The Waddington Quintuplets, Hunterian Museum, a photo by O.F.E. on Flickr.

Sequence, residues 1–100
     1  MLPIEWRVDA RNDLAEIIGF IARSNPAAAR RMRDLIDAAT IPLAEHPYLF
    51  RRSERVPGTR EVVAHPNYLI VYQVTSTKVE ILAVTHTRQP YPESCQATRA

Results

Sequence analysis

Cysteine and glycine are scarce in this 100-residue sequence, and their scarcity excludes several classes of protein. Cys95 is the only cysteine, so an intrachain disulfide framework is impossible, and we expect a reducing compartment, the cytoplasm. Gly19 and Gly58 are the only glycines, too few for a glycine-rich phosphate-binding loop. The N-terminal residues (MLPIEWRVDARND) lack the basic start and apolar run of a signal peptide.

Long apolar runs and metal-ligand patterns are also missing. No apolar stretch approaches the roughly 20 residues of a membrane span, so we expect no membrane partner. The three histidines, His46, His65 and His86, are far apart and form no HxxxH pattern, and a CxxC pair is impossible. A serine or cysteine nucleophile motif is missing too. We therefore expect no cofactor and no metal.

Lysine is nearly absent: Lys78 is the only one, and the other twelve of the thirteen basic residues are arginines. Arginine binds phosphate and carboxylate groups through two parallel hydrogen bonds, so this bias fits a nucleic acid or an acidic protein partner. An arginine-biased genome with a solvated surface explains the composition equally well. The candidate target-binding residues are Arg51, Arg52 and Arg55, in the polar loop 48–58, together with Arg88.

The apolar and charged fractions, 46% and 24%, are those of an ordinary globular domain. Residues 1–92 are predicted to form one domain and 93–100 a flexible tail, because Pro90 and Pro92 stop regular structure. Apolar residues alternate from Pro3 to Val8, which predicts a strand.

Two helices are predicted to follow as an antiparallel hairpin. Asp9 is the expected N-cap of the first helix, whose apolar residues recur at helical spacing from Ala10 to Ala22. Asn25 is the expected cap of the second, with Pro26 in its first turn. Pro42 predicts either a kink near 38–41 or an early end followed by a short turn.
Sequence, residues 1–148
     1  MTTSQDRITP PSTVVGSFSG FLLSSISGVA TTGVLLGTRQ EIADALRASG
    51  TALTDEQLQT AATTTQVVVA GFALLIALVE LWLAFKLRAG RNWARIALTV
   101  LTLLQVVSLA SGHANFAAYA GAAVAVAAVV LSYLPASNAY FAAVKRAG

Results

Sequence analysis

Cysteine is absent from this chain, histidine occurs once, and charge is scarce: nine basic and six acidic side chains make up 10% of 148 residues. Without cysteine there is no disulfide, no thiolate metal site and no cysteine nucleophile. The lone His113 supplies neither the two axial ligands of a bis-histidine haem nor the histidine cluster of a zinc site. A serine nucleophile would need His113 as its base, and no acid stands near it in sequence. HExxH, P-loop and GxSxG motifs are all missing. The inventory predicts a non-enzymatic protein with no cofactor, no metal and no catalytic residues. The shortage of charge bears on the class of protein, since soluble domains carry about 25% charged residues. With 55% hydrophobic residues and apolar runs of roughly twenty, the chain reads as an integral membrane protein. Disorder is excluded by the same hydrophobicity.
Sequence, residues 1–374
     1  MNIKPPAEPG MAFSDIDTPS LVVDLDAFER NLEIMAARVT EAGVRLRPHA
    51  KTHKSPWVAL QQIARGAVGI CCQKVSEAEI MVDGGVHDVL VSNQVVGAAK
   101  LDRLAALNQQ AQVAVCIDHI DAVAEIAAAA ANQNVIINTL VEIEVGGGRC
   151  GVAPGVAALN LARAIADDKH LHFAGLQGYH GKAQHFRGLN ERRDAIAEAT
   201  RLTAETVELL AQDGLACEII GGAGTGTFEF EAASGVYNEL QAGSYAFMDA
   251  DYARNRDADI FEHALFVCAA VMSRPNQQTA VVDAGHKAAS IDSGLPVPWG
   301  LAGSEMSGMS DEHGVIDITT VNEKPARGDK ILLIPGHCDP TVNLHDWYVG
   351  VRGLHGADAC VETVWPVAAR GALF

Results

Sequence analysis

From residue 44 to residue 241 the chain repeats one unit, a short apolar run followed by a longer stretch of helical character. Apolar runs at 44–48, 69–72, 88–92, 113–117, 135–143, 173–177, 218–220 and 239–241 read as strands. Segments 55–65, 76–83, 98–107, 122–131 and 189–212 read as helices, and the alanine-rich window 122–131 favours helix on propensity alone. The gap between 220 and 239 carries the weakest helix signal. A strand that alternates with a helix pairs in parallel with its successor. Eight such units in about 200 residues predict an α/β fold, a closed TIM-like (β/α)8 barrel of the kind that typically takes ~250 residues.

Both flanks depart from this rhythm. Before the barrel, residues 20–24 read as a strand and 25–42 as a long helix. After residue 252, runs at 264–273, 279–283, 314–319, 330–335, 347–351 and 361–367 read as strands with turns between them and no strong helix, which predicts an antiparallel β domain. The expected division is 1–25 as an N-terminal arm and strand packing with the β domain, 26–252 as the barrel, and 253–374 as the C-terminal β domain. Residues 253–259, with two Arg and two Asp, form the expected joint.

The quintuplets were born in 1789 in Lower Darwin near Blackburn in Lancashire. They were born prematurely to a 21 year old woman attended by a Dr Hull. Two of the children were born alive, one was stillborn and two were ‘macerated’ according to Dr Norma Ford Walker of the Department of Zoology in Toronto, by which I assume she means crushed (the two of the left certainly look like they have been crushed). The two live births survived only a very short time. The birth of quintuplets was an unheard of rarity in 1789 (when Dr Walker wrote a paper on the quintuplets in 1950 there had still only been 53 authenticated cases of them, ever…) and Dr Hull despatched the bodies of the foetuses to Dr Hunter in London. He was not allowed to send the placenta; the parents of the children were prepared, presumably for a consideration, to allow the babies themselves to become anatomical specimens. But they drew the line at the placenta which had to be disposed of according to local custom. Dr Walker’s paper “Determination of the Zygosity of the Waddington Quintuplets born in 1789” concludes that the 5 children were monozygotes i.e. all produced from one ovum. You can read a copy here:
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